Unlike other State capitals Adelaide doesn’t share a convict history. The city was founded as a capital when South Australia was declared a new British province on 28 December 1836 — a day now celebrated as Proclamation Day. It was basically a planned colony for free citizens; so we can assume most early settlers wanted to call Adelaide home.
Believe it or not Adelaide’s original nickname was the City of Churches and Pubs. What a town!! This was decided a little risqué by former leaders who succeeded in shortening it to just the City of Churches. Today, as pubs, bars and clubs outnumber religious symbols, the original name is making a comeback in the local lexicon.
After a few pub crawls through Adelaide you might feel the urge to treat your palette to something other than cocktails and beer. Fortunately the city is the gateway to the Barossa Valley wineries region. Obviously proud of the State’s winemaking credentials the city erected the National Wine Centre of Australia, an interactive exhibition about wine.
Moving on from booze Adelaide is also home to a thriving defence industry. The majority of Australia’s defence companies have set up shop in the town, as have their research arms. This doesn’t mean the population is alcohol crazed and armed to the teeth though.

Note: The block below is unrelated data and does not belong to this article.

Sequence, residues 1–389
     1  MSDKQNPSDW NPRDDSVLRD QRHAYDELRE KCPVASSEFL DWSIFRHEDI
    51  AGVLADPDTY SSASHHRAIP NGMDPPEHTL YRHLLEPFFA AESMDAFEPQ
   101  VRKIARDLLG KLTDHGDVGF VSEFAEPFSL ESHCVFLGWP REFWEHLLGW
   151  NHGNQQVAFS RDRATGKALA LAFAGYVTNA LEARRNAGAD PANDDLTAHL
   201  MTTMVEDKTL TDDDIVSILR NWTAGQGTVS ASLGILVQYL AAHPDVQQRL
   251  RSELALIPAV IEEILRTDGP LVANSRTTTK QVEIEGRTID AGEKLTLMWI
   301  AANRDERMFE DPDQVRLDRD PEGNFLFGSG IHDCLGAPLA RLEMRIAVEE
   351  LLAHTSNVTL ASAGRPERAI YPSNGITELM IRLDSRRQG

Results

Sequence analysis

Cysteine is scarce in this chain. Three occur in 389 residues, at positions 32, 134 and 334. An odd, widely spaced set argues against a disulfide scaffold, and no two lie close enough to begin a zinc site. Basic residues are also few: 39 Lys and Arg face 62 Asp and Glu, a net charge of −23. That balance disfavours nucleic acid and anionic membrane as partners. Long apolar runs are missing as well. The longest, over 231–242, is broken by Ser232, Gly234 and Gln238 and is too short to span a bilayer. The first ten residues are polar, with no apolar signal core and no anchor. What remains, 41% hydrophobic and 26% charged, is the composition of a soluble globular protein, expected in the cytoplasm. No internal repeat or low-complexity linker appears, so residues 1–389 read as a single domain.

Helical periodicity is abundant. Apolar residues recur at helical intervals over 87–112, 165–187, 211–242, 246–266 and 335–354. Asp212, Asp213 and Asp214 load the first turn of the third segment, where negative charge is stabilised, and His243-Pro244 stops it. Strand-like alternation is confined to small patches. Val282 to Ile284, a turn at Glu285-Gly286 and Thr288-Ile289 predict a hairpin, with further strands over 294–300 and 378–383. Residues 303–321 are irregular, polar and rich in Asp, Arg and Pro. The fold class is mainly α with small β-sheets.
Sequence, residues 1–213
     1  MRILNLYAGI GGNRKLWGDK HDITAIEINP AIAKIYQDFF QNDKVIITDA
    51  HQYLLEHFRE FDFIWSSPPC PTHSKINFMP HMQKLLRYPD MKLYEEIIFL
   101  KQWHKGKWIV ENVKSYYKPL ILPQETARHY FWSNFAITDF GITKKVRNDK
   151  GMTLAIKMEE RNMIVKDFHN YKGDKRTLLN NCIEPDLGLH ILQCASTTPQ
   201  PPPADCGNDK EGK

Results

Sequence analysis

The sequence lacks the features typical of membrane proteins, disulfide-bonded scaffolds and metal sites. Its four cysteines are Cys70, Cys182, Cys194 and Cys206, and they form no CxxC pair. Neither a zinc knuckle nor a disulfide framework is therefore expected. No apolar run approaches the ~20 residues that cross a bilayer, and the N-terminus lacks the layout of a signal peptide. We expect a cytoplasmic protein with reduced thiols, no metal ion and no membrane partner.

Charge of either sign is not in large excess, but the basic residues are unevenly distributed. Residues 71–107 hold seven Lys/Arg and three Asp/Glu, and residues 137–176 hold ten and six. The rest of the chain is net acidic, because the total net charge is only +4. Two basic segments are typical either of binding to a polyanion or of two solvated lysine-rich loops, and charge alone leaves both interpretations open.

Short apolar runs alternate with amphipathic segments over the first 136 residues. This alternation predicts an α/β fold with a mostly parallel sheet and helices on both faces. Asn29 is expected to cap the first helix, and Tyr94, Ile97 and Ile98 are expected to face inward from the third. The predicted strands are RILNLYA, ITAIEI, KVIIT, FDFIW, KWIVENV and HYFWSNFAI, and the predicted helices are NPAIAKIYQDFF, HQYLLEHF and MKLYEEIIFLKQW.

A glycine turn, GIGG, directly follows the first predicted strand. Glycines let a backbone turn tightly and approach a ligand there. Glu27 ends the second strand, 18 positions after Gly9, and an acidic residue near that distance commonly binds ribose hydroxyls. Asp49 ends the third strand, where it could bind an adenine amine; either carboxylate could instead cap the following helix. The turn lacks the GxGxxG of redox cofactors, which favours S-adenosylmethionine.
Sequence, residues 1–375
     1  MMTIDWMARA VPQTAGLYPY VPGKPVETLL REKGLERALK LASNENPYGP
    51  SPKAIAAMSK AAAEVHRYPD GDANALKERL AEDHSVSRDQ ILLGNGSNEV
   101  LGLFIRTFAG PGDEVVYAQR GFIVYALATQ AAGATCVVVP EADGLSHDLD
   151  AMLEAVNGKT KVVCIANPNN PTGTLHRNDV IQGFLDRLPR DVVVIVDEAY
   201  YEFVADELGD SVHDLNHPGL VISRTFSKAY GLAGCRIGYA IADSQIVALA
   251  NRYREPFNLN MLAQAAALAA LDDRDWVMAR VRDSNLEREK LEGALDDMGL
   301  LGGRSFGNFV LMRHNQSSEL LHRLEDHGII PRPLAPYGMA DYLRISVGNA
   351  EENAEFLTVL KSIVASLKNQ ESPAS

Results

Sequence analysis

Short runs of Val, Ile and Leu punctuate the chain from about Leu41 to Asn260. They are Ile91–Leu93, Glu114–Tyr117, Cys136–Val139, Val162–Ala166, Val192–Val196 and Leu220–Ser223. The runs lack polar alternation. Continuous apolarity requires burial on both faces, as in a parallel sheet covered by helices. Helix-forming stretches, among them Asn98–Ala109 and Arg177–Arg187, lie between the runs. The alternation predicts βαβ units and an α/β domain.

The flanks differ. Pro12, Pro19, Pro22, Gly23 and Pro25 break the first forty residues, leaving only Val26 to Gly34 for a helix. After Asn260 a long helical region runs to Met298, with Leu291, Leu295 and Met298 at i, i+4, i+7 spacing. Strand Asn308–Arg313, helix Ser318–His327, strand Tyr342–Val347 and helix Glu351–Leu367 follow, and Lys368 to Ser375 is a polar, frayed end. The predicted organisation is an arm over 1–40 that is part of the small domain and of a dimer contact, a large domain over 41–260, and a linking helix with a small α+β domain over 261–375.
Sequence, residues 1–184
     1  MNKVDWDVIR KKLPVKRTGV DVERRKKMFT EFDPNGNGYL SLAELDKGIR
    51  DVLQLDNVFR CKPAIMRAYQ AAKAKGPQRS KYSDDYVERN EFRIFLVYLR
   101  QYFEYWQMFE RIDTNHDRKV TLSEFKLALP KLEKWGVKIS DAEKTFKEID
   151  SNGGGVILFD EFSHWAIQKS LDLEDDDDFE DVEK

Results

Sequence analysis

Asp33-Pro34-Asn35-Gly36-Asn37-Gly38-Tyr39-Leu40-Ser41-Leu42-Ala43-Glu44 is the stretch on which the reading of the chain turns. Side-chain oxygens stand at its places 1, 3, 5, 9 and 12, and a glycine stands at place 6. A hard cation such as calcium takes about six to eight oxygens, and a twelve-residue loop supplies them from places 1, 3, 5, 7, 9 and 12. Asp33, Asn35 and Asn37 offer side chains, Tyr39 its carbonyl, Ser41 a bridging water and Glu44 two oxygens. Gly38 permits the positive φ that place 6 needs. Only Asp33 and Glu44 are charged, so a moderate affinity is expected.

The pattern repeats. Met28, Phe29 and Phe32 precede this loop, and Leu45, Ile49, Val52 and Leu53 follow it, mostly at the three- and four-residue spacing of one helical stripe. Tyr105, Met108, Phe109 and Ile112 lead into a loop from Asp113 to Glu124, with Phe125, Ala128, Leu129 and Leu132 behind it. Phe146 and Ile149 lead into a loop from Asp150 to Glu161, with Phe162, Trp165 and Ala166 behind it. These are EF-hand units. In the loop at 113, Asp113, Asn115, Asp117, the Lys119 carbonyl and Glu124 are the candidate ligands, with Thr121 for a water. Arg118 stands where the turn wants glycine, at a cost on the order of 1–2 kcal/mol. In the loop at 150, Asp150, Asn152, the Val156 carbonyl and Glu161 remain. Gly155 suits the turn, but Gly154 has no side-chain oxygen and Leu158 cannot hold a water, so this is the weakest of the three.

The general populace appears to be soothed by a thriving arts culture, with plenty of diverse festivals. Every two years the Adelaide Festival of Arts is held covering opera, theatre, dance and music. Its annual alternative is the Fringe Festival, the second largest in the world, which features contemporary cabaret, art, comedy, dance and more. If that’s not enough check out WOMADelaide for world music, the Cabaret Festival, the Writers’ Week, a Film Festival and even a Festival of Ideas, which is more about talking than entertainment.
When it comes to sport it’s all about AFL. The city features two teams in the national league — the Adelaide Crows and Port Adelaide Power. They also love cricket and the city boasts probably the country’s best looking cricket stadium in the Adelaide Oval.
One final note about Adelaide; it was the childhood playground for Australia’s first female Prime Minister, Julia Gillard.